A recent email exchange with one of my authors:
> ...I got far too many letters from
> prisoners, so a post office box was a necessity.
I get those too!
I always reply personally to those poor guys. Their handwritten hopes for publication just kinda break my heart. A LOT of Sci-Fi writers are in prison.
If we'd been in actual conversation, that third sentence might very possibly have passed unremarked because we both knew what I meant: the majority of query letters coming from a prison address are for SFF books.
But written on the page, it stops the eye (and rightfully so!)
If you'd sent a query letter that said most of your audience was in prison, we'd have a problem. Of course, what you'd meant to say was "lots of prisoners have ordered my book."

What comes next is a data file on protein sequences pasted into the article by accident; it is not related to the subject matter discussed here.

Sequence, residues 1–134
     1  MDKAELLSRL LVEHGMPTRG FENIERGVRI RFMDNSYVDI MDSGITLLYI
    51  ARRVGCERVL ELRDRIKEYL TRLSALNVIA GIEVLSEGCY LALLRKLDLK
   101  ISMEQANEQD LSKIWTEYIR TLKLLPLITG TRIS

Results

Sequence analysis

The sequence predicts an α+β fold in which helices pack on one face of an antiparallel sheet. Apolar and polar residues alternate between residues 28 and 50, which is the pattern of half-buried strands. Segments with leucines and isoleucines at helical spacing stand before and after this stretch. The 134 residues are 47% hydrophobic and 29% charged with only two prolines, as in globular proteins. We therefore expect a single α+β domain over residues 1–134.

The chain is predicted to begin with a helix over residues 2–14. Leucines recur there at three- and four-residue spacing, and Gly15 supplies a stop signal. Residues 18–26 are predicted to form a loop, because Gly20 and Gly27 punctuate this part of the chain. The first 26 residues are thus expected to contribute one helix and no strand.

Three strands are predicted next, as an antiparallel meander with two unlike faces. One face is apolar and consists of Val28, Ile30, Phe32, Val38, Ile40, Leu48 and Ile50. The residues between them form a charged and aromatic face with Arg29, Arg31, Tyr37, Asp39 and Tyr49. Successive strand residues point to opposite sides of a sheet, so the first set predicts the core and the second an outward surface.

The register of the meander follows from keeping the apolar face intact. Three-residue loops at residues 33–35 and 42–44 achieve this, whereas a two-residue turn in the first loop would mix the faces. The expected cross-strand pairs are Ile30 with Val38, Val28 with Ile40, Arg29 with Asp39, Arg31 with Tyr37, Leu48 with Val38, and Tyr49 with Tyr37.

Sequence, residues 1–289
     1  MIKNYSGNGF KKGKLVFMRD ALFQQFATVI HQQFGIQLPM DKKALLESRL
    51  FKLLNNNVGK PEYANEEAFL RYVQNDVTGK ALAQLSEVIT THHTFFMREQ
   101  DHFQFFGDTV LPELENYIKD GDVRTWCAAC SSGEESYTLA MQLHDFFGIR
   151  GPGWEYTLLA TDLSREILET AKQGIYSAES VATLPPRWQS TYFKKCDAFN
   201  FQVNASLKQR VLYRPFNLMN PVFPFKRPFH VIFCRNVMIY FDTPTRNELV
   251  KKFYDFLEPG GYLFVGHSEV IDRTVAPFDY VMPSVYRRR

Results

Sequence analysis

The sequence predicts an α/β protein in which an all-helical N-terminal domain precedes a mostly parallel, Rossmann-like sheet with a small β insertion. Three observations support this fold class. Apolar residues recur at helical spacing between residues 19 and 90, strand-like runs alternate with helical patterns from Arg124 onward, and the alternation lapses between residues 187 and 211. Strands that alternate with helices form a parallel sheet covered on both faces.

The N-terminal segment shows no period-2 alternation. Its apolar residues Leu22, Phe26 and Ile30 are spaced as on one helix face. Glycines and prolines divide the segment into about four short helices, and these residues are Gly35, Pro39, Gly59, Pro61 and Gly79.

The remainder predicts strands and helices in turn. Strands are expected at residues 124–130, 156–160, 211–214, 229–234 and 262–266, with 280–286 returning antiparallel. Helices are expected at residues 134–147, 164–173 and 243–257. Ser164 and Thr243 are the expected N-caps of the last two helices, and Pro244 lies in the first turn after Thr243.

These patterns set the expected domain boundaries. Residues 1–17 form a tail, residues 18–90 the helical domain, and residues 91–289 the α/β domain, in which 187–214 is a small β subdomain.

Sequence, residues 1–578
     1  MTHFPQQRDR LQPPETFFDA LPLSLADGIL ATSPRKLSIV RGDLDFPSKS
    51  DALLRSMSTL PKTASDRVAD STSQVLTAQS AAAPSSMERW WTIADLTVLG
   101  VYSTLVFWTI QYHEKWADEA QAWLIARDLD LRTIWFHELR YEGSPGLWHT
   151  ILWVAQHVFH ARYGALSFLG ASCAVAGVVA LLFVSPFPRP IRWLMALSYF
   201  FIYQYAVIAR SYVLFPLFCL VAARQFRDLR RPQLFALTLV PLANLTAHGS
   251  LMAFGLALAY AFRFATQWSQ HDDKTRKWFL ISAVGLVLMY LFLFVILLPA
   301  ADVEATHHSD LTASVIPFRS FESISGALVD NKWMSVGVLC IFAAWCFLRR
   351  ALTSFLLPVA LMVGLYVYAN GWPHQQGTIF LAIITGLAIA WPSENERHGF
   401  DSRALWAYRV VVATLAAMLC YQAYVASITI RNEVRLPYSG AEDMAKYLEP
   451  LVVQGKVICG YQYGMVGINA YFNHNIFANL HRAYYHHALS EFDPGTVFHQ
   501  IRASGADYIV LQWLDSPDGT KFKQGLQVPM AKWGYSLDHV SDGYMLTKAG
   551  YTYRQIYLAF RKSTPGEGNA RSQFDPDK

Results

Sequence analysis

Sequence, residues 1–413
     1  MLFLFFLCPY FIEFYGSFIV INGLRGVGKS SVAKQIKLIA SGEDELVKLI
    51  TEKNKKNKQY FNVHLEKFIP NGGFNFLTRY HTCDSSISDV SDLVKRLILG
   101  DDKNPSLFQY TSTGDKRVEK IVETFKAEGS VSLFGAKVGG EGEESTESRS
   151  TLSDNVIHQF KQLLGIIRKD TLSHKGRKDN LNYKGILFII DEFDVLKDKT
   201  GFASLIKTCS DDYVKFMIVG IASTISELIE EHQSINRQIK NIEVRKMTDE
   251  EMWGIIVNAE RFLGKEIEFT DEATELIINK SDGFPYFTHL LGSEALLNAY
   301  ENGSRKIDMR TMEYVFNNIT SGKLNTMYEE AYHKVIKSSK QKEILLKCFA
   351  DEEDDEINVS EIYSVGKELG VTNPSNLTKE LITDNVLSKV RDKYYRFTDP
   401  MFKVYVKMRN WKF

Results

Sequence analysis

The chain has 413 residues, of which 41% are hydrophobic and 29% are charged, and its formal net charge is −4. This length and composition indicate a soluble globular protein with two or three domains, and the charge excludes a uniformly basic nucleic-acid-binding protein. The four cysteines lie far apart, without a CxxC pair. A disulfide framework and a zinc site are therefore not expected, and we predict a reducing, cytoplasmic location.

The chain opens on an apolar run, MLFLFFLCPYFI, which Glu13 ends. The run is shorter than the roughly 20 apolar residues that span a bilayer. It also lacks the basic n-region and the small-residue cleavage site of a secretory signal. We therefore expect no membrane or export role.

When you write, you know what you mean. Your task is to make sure I do too. Whether your reader does is YOUR responsibility. If I don't understand your sentences, that's YOUR problem (generally) not mine.
How to make sure you avoid this problem: other readers. No matter how you get them, it's really important to have a second set of eyes on your manuscript that will catch things like this. Someone who is thin lipped, evil-eyed, and sucks lemons for a living. If you can pay them in lemonade and sauerkraut, so much the better.
Here's the kind of thing Miss Persnikity will catch:
Bale/bail (misuse of found just tonight in a published book!)
How many SFF writers are in prison (or exiled in Carkoon)
I read your manuscript with Miss Persnikity looking over my shoulder. Too many tsks tsks from her and I know you're more careless than the kind of writer I want to work with regularly.
It's not a problem to write this stuff. The problem is when you fail to revise it away.
(and how many revisions are enough? This blog post had seven in three days)